I was given a tryout with Pro Wrestling Illustrated, probably the No. 1 wrestling magazine there is. I sent some work to the editor and he liked it enough to give me a chance at a freelance job.
He instructed me to write a story with a “timeless angle,” and told me to “fabricate quotes” being that the magazine is a monthly and this is only an exhibition which won’t be published. I came up with a feature on my current favorite wrestler, Daniel Bryan, a.k.a “The American Dragon” Bryan Danielson. I can really identify with him, and I think after reading this article, you’ll see why.
Please read and comment; let me know what you think of this story. If I get the job, then wonderful. If not, then I can at least say the editor of the best wrestling magazine in the world liked my work, gave me a chance, and I tried my best.
Daniel Bryan: From Mr. Indy to Mr. Money in the Bank
In 2009 you would have seen Daniel Bryan at an Indy show, walking to the ring to a thunderous ovation while Europe’s “The Final Countdown” blared through the venue speakers. He would climb the ropes as the music played, and sing the song with the dozens of fans in attendance.
On the Indy scene he wrestled under his real name, Bryan Danielson, and competed in some of the most intense matches in Ring of Honor history – none more intense than his battle with Austin Aries on Aug. 7, 2004. Aries bested Bryan in a two out of three falls match, but both combatants showcased almost unrealistic stamina, wrestling nonstop for 80 minutes.
Stamina wasn’t the only characteristic Bryan displayed on the independent circuit. He also showed off guts, courage, and the ability to never give up – even in the face of a potential career-ending injury.
The American Dragon didn’t quit on Aug. 25, 2007 when he sustained a detached retina in a ROH title match against Takeshi Morishima. His eye rolled into the back of his head and he needed surgery to fix it. He could have given up then, but that would have been too easy.
The 30 year-old veteran didn’t hang up his boots after he wrestled Nigel McGuinness (now TNA’s Desmond Wolfe) at ROH’s Domination pay-per-view on June 9, 2007. He was clotheslined and subsequently bludgeoned, and once again needed medical attention after the match.
For Bryan, a hospital trip wasn’t painful. In fact, he remembers it with fondness.
“I ended up having to go to the hospital,” he said. “It’s just amazing, you know? Going to the hospital with that was actually every bit as memorable as the match to me. The whole night was special.”
Perhaps it was special because despite the injury, Bryan made McGuinness tap out to his submission finisher, the “Cattle Mutilation” – a hold in which Bryan has his opponent laying on his stomach, then proceeds to hook both of his arms and bridge his own body, creating excruciating pressure on his opposition’s back.
It was matches and moves like these that put him on the map, and carried him to the ROH title, as well as several Indy championships.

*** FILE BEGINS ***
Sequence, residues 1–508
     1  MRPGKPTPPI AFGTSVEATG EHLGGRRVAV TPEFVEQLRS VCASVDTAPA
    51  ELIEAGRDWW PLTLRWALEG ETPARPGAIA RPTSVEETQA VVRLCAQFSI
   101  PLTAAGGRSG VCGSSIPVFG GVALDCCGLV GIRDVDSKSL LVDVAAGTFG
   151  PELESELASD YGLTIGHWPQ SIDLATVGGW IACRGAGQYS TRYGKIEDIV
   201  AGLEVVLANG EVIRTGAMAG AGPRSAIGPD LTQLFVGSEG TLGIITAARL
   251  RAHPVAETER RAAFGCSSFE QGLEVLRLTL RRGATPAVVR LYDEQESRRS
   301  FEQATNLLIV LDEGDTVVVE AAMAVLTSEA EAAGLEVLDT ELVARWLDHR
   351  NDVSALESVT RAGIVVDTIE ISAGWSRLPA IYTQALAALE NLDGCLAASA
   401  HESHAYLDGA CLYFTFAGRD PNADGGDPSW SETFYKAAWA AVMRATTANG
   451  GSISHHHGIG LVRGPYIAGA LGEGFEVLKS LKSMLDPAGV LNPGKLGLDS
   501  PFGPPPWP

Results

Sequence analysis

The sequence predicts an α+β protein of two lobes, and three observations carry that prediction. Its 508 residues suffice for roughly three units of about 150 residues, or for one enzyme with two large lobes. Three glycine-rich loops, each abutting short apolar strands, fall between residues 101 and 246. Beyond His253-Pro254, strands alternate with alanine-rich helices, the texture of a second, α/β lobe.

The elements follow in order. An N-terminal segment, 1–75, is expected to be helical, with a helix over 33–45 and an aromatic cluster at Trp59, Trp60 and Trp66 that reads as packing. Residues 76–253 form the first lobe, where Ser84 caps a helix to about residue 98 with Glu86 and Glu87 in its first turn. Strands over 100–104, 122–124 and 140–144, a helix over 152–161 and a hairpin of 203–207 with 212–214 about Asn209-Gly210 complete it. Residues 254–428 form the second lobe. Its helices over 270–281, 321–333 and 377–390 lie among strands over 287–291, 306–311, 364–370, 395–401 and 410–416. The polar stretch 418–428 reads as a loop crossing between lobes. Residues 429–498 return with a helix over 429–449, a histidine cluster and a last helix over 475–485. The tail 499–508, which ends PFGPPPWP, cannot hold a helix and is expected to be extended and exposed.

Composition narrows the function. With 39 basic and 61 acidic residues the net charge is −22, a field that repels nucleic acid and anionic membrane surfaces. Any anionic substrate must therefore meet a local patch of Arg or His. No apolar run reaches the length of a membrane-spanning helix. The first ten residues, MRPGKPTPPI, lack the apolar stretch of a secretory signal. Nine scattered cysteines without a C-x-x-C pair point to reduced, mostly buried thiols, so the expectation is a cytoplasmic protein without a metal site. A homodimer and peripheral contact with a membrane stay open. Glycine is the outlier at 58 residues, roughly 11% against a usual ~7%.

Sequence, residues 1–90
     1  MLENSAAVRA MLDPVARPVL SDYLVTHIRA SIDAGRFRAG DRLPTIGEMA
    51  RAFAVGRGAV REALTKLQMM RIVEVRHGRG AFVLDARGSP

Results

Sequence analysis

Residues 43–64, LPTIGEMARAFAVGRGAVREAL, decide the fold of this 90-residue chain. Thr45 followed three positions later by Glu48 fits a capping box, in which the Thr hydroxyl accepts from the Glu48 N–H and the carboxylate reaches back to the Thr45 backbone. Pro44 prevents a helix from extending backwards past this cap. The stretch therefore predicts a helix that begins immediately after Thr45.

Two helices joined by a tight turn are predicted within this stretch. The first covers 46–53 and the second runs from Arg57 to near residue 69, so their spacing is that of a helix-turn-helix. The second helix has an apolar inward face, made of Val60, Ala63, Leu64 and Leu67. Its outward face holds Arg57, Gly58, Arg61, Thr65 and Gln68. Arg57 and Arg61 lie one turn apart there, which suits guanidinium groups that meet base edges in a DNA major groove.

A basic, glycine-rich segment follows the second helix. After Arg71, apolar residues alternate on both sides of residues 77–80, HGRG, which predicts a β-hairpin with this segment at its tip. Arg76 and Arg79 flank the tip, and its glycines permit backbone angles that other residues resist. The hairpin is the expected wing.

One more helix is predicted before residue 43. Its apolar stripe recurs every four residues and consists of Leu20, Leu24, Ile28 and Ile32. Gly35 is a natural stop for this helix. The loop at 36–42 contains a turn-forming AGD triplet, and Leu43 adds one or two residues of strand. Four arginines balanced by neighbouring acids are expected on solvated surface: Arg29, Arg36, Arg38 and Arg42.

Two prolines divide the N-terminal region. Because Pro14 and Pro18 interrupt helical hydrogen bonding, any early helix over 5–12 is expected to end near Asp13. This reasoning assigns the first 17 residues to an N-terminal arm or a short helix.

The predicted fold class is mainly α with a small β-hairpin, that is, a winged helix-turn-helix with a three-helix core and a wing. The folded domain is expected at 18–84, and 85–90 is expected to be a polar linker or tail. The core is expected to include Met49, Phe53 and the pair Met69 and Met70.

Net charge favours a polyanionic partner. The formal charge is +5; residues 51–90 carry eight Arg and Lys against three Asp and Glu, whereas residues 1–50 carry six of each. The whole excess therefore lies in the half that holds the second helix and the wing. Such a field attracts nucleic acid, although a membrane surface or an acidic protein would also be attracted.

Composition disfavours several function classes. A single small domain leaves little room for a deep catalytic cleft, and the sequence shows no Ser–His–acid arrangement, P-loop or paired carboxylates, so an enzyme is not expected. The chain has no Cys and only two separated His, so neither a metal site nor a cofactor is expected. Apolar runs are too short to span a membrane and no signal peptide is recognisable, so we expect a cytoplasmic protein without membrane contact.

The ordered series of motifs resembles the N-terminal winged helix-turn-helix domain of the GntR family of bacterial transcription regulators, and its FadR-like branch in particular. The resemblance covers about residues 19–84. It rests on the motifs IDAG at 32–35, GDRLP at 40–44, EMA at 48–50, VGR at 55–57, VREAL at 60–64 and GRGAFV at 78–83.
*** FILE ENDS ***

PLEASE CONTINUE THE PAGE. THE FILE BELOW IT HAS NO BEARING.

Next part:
But those Indy days seem like a lifetime ago.
Nowadays, you will spot Bryan on WWE Smackdown, marching proudly down the ramp every Friday night to Richard Wagner’s “Ride of the Valkyries.” He rarely uses Cattle Mutilation anymore; these days Bryan utilizes a crossface submission to win his matches known as the Lebell Lock, a hold fashioned by one of his idols, “Judo” Gene Lebell – the man who trained stars like Chuck Norris, Bruce Lee, and “Rowdy” Roddy Piper.
Once a beloved superstar on the Indy scene, Bryan now claims to be an anti-superstar; a regular guy with a $10 haircut, plain red trunks, and red boots.
Yet, his guy-next-door persona hasn’t stopped him from achieving success.
From the time he began his WWE career, Bryan was booted off NXT, feuded with announcer Michael Cole, was fired because of a seemingly ridiculous reason, rehired, and topped it off by capturing the United States title from his NXT mentor, The Miz.
Most fans probably see his latest accomplishment as his biggest, however. On July 17 at the Money in the Bank pay-per-view in Chicago, Bryan participated in the Smackdown ladder match, the winner receiving a contract to fight the champion for the World title at any time – and the offer is good for a year.
The American Dragon scaled the ladder and snatched the briefcase holding the title match contract, beating the likes of Sin Cara, Wade Barrett, Justin Gabriel, Heath Slater, Kane, Sheamus, and Cody Rhodes.
Bryan was out to prove a point in that match.
“I wanted to go out and show that although I’m a technical wrestler I can still win a big match when it matters,” he remarked. “Not a lot of people expected me to win, but I did.”
Now that he has a guaranteed title match, Bryan can face the World champion any time he pleases. But he isn’t going to keep us guessing when he will cash it in. He already knows when it will be.
“I’m saving it for WrestleMania next year,” he boldly stated.
“I want that main event match and now I can have it. I shocked everyone by winning Money in the Bank, and I’ll shock everyone again when I win the World title at WrestleMania.”
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